By Stephen Knapp
“…about 20,000 Americans per year are sent to the emergency
room by their holiday decorations”
Like everything else in this dreary time of COVID, the Christmas of 2020 is expected to fall somewhere short of normal expectations.
Less feasting, less festing, less family, less fun. Just mamma in her kerchief and you in your cap, both hunkered down for a really long, lonesome, lackluster winter’s nap.
Since you’ll be spending a lot of time sitting around staring at each other, you might as well have something to talk about besides all the things you wish you were doing instead. Herein provided please find a few festive factoids to help edify your idled minds, enrich your run-down repartee and illuminate your joyless isolation.
—As it happens, the term “Xmas” is not just lazy shorthand. In Greek, the letter X is Chi, which is the first letter of the word Christ, and a thousand years ago, the word Christianity was commonly written as “Xianity.” Scribes of the 16th century frequently rendered Christmas as “Xtemmas,” and not too many years later as “Xmas.” It’s not lazy, it’s history!
—The world’s first semi-lifelike artificial Christmas tree was created in the 1930s by the Addis Brush Company, maker of fine toilet brushes. Addis would go on to patent the first aluminum Christmas tree in 1950.
—Applying the principles of multiplication to cookies and milk, researchers have determined that Santa Claus consumes roughly 150 billion calories each Christmas Eve.
—Possibly due to an utter lack of the Hallmark Channel, the Victorians were forced to seek more robust Christmas diversions. A delightful little parlor game called “Snap-dragon” entailed setting a bowlful of brandy-soaked raisins on fire and then taking turns snatching handfuls of the flaming fruit and gulping them down still afire. Another popular Christmas game known as “Hot Cockles” required a player to hold his/her head in another player’s lap while still other players kicked them in the caboose. A player won by identifying the player doing the kicking.
—A thorough study of Facebook status updates lead social media analysts to conclude that your sweetheart is most likely to dump you two weeks before Christmas. On the other hand, they’re least likely to dump you on Dec. 25. Merry Christmas!
—In Europe it was long believed that those born on Christmas Day were more apt to be werewolves.
—According to the U.S. National Electronic Injury Surveillance System (yes, Virginia, there is one), about 20,000 Americans per year are sent to the emergency room by their holiday decorations. About 9,000 of them fall prey to non-electrical decorations, as opposed to 4,000 injured by electrical adornments, which number doesn’t include the 3,500 hapless victims of Christmas tree lights. Some 2,000 people fall afoul of artificial Christmas trees each season, roughly 244 are felled by real ones, and about 310 are laid low by Christmas tree stands. In an average year, about 100 Christmas tree fires kill about 10 people and do about $16 million in property damage. Around 250 people will be damaged by a Christmas present between now and the New Year, and at least 30 children will get hurt falling off of Santa’s lap.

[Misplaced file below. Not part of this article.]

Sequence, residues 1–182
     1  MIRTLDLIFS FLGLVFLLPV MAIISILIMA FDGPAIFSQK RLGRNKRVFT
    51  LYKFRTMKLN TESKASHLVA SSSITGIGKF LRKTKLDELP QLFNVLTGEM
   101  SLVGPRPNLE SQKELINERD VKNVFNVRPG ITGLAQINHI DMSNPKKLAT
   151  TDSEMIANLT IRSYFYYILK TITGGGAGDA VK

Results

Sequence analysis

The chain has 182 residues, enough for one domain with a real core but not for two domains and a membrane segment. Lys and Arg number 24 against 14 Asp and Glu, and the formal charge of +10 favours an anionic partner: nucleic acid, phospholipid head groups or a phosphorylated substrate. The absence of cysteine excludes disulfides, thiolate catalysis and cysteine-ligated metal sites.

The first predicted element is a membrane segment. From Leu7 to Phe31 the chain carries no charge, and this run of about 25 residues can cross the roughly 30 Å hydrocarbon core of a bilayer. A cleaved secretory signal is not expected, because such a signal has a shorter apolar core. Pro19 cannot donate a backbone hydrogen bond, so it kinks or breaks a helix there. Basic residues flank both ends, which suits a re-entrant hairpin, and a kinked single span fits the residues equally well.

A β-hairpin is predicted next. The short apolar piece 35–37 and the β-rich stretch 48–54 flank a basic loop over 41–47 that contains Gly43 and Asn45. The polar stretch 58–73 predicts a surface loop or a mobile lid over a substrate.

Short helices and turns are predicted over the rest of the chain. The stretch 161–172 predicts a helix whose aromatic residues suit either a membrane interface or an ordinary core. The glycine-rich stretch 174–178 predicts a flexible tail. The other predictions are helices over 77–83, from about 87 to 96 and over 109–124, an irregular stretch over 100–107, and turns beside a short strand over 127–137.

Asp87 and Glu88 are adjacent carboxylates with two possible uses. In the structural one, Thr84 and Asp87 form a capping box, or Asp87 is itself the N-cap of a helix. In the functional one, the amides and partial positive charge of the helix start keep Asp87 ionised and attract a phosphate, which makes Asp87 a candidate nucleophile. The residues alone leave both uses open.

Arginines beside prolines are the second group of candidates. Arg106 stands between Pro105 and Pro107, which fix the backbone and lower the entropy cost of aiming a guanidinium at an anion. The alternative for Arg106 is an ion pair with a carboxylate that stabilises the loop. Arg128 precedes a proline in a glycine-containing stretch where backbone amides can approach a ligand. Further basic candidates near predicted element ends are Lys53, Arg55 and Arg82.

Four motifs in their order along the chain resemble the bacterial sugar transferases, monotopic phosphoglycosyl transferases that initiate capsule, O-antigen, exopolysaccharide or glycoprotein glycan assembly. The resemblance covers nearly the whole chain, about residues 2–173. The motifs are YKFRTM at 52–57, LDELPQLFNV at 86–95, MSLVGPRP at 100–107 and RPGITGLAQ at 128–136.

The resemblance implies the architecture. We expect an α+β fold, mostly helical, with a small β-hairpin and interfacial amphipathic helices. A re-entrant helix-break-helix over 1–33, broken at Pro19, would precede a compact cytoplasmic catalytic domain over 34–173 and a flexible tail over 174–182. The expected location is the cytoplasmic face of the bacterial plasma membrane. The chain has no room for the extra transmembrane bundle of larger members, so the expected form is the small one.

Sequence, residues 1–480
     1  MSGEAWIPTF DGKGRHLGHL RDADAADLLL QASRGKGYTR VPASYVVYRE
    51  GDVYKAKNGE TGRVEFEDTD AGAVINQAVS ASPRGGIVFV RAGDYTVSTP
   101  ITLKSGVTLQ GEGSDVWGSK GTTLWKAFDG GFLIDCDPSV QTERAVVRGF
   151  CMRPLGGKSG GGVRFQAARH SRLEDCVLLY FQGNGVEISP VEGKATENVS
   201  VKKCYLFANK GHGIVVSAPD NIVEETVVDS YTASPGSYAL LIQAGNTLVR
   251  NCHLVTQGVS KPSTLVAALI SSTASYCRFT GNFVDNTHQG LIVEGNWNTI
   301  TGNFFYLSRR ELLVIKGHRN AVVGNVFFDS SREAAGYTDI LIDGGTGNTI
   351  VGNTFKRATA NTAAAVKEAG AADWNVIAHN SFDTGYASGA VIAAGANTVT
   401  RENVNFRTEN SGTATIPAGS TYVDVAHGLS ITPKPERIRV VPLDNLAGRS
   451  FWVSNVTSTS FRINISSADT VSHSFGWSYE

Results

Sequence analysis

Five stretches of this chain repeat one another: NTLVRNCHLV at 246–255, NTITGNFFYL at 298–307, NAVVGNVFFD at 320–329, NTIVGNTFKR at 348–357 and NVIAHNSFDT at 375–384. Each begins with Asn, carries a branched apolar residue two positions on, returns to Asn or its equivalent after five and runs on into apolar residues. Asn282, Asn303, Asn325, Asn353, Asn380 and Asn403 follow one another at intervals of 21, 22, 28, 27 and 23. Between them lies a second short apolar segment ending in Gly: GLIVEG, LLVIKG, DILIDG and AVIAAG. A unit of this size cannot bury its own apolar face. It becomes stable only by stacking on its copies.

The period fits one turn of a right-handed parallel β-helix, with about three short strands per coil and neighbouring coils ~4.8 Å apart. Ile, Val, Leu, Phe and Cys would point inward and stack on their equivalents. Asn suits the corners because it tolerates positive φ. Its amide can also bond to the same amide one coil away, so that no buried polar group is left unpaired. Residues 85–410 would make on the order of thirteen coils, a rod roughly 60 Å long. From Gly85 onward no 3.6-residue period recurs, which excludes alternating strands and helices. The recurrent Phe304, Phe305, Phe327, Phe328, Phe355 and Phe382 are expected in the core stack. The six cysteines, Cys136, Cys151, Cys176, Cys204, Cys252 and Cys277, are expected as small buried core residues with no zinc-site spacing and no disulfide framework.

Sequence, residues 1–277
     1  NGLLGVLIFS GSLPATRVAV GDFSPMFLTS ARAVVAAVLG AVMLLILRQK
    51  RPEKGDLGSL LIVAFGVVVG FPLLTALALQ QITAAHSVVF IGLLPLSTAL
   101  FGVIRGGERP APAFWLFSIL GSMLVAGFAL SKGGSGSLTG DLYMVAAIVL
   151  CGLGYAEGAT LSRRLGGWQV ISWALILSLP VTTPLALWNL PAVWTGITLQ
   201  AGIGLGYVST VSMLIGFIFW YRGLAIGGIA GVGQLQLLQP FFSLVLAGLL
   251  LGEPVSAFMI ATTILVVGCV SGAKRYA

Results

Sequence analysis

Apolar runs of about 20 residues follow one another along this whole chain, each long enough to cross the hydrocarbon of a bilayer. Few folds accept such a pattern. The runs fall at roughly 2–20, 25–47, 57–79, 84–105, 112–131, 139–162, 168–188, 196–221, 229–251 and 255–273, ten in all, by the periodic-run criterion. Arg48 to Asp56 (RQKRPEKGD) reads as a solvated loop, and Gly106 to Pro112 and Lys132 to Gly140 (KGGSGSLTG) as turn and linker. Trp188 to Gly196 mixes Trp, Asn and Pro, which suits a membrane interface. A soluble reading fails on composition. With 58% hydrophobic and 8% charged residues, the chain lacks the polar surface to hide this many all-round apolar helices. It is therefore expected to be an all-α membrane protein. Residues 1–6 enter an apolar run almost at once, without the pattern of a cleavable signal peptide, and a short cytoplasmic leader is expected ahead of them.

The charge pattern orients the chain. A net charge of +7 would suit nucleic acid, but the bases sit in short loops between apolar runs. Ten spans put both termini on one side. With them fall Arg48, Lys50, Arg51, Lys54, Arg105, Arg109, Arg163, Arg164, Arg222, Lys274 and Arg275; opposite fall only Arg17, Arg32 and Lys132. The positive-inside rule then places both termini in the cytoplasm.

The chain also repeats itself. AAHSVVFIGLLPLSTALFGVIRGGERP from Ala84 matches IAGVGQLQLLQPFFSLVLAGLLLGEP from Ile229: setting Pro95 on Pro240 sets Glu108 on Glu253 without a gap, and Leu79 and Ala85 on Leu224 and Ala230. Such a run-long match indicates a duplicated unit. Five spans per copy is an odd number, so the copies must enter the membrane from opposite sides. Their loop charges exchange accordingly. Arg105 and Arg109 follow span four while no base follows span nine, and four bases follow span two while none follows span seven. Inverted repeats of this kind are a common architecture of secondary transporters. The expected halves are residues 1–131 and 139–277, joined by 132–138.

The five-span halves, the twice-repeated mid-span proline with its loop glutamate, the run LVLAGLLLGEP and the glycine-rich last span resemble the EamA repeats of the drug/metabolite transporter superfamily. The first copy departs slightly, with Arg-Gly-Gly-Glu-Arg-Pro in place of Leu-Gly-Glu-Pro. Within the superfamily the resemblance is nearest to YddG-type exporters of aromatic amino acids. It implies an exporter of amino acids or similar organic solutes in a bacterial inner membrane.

—During World War II, Allied military intelligence agencies joined forces with the United States Playing Card Company to include decks of cards in the Christmas care packages distributed to Allied POWs in Europe by the Red Cross. Specific cards could be peeled apart to reveal maps of established escape routes.
—Christmas scientists calculate that, in order to visit every household in the world within 24 hours, Santa Claus maintains an average speed of 5.083 million miles per hour.
—About 75 percent of Americans don’t like their Christmas presents. This according to surveys conducted by the online retailer Rakuten, which further found that 30 percent of the gifted re-gift their substandard swag, 27 percent donate it to charity, and 14 percent sell it on eBay and/or Craigslist. Ho, ho, ho!
—An upbeat people, we Yanks like our Christmas friendly. In foreign parts, though, Saint Nicholas often has an evil sidekick. In Eastern Europe, the Mr. and Mrs. Anti-Claus are Krampus, a toothy goat/demon hybrid who carries naughty children away to his lair in a stinky sack for his supper, and Frau Perchta, the Christmas Witch who cuts open the tummies of intractable tots and stuffs their guts full of pebbles and straw. Elsewhere, children lie awake on Christmas Eve dreading a visit from Belsnickel, a Santa-esque sadist who forces contrary kids to dance and sing their sins away under mortal threat. South African children are discouraged from nibbling on Santa’s snacks with the terrifying tale of young Danny, a headstrong lad whose grandmother killed him for sampling the jolly old elf’s rightful ration of milk and cookies, and whose vengeful ghost returns each Christmas to bedevil the misbehaving.
—Taxonomically designated Viscum album, mistletoe’s more familiar name refers to the toxic parasite’s primary manner of reproduction. The word derives from the Anglo-Saxon “mistel,” meaning dung, and “tan” meaning twig. Birds eat its berries and excrete the seeds onto tree branches. Translated literally, mistletoe is “poop on a stick.” Pucker up!
—Santa Claus has played the marquee villain in at least 21 horror flicks, almost as many as Jason Voorhees, Freddy Krueger and Michael Myers combined.
—Foodie Alert! Here’s a traditional Christmas dish that graces many a holiday table in Greenland. It’s called Kiviak, and the recipe is simple. Disembowel one seal. Stuff the cavity with the carcasses of 400 auks. Press the air out of the assembly and thickly coat with seal grease. Let sit for between 3 and 18 months, allowing the auks to thoroughly ferment. Slice open the seal and eat the auks. No cooking required, and plenty of leftovers. God bless us, everyone!